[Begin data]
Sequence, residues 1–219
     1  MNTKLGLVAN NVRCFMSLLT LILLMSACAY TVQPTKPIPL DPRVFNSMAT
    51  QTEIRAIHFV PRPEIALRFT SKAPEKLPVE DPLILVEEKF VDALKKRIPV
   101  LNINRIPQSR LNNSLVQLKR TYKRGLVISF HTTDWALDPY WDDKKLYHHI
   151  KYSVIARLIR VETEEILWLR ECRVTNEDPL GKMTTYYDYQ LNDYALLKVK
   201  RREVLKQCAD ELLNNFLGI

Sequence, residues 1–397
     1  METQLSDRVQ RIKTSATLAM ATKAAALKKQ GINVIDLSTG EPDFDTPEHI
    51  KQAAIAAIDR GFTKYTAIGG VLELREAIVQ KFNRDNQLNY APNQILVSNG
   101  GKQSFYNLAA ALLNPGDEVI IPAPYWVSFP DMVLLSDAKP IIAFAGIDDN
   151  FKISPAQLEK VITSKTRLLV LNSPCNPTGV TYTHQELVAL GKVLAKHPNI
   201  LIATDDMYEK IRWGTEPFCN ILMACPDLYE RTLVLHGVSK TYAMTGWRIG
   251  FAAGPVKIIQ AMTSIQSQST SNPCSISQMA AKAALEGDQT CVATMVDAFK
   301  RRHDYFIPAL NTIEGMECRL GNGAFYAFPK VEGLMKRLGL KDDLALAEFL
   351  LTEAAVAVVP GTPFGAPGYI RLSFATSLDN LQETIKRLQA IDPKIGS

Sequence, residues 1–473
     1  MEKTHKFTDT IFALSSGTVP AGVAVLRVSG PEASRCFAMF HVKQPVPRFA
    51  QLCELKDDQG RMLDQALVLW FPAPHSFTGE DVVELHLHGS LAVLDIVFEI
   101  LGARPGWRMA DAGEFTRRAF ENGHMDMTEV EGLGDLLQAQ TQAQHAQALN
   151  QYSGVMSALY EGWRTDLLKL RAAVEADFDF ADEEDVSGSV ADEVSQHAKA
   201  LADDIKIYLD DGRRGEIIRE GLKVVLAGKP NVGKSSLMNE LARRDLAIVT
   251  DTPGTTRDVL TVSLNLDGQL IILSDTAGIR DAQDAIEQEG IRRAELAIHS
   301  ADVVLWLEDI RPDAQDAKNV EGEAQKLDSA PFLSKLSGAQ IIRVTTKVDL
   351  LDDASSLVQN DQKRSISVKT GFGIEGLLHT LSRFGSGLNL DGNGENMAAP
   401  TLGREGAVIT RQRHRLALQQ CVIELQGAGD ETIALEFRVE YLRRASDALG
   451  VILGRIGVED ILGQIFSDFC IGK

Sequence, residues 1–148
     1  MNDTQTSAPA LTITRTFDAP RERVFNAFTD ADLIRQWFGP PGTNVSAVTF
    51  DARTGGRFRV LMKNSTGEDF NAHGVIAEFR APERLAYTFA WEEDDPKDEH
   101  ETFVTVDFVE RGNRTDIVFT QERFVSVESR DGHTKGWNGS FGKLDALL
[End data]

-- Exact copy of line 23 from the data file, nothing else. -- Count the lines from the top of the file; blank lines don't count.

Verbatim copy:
   301  ADVVLWLEDI RPDAQDAKNV EGEAQKLDSA PFLSKLSGAQ IIRVTTKVDL